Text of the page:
Pakistan Records more than 100 Virus Deaths in Day
Pakistan recorded more than 100 deaths in a single day from COVID-19 for the first time since keeping statistics in mid-March, when the country first imposed a lockdown that has never been total.
As of Tuesday, Pakistan recorded 108,316 coronavirus infections, with 4,646 new cases and a death toll that has climbed to 2,172 amid warnings from Prime Minister Imran Khan that Pakistan is unlikely to see a peak in infections before August.
Record figures for new infections over the last ten days notably reflect extended testing. According to the official statistics, authorities have so far conducted 660,508 tests across the country with a population of around 220 million.
Of 23,000 regular tests, more than 1 in 5 have been positive over the last ten days. Before the lockdown was elevated on May 9, the number of tests detecting the coronavirus was nearly 1 in 10, government statistics reveal.
Despite criticism from medical professionals and opposition politicians, Khan has continued to ease lockdown restrictions saying the country’s ailing economy would collapse, and the poorest among the country’s 220 million would suffer the most for prolonged lockdowns.
Pakistan’s poverty level hovers around 30 percent, measured as those who earn $1.90 a day or less. Pakistanis have stubbornly refused to take precautions like wearing masks and social distancing even as Khan went on television late on Monday to reprimand the population and plead with them to wear masks.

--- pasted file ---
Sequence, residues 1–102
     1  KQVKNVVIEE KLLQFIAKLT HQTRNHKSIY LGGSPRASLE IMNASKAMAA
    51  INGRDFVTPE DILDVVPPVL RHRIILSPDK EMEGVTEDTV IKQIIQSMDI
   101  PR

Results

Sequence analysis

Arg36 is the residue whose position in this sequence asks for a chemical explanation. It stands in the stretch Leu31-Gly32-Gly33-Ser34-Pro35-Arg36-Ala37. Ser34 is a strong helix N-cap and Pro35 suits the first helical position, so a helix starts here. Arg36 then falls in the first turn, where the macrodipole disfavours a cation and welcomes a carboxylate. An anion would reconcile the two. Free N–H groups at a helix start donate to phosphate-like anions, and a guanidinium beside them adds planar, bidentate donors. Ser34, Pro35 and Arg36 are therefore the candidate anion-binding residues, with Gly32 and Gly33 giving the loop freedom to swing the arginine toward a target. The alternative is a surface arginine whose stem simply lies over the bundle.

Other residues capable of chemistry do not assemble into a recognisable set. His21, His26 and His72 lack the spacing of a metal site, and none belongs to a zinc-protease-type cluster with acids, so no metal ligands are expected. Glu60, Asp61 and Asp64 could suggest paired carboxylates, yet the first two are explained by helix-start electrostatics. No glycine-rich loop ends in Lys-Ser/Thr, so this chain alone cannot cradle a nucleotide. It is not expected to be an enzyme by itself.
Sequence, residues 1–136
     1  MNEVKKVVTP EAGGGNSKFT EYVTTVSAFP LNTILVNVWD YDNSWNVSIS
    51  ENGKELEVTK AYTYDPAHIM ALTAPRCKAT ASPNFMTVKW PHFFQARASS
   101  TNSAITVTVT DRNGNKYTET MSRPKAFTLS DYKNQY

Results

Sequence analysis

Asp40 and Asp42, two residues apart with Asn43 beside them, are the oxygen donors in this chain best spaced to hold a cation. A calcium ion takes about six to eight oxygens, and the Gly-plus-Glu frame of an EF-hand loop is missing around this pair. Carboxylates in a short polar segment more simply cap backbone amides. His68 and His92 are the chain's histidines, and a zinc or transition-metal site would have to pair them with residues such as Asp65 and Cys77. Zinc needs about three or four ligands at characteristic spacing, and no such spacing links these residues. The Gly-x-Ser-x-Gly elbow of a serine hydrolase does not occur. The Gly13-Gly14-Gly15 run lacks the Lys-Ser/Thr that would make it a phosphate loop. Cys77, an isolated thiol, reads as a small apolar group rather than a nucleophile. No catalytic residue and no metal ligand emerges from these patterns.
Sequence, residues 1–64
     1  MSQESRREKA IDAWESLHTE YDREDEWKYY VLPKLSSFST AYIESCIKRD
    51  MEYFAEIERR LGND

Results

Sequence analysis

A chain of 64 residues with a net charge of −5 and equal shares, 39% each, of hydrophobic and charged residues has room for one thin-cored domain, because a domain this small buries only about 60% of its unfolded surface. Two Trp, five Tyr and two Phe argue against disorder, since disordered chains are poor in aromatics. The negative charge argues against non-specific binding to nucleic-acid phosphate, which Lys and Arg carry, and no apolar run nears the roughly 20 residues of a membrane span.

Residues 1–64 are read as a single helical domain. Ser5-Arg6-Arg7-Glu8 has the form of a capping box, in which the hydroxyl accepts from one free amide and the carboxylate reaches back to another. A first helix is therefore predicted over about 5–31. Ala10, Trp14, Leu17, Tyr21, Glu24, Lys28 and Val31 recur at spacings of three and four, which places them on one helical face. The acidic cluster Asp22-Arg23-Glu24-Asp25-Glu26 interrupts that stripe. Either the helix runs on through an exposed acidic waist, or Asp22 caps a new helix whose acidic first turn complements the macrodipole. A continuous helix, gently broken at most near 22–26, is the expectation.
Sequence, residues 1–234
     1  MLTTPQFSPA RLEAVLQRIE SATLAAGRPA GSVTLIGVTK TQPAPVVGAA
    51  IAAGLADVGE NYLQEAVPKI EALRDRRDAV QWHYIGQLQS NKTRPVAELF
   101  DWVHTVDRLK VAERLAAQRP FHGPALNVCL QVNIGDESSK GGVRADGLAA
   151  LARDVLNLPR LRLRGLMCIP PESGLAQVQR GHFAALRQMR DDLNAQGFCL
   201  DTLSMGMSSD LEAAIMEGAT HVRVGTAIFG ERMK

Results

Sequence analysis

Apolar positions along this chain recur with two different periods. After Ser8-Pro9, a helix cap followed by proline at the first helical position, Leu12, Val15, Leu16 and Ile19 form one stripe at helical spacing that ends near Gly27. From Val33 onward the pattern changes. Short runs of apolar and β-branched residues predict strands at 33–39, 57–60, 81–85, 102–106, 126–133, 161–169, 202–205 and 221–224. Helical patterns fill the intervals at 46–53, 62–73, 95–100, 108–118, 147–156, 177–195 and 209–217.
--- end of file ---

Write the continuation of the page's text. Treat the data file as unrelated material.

The south Asian country lifted its lockdown last month, placing protocols for the reopening of markets, industries, and public transportation, including the compulsory wearing of masks and physical distancing.
But Planning Minister Asad Umar, who is in command of the national response to the virus outbreak, told a weekend news interview that many markets and shops had been sealed due to non-compliance over the last few days.
Government executives say that safety measures are not being attended, especially since before the Muslim holiday of Eid al-Fitr, which denotes the end of Ramadan’s holy fasting month.
The ruling to lift the lockdown on May 9 despite rising infections of the disease, was prompted by a worsening economic disaster and massive lay-offs.
Pakistan is the 16th country to surpass 100,000 infections, government data confirmed on Monday.
Infections among high profile political figures have also grown in the country, with Minister for Railways Shaikh Rasheed, and former prime minister of Pakistan Shahid Khaqan Abbasi also testing positive on Monday.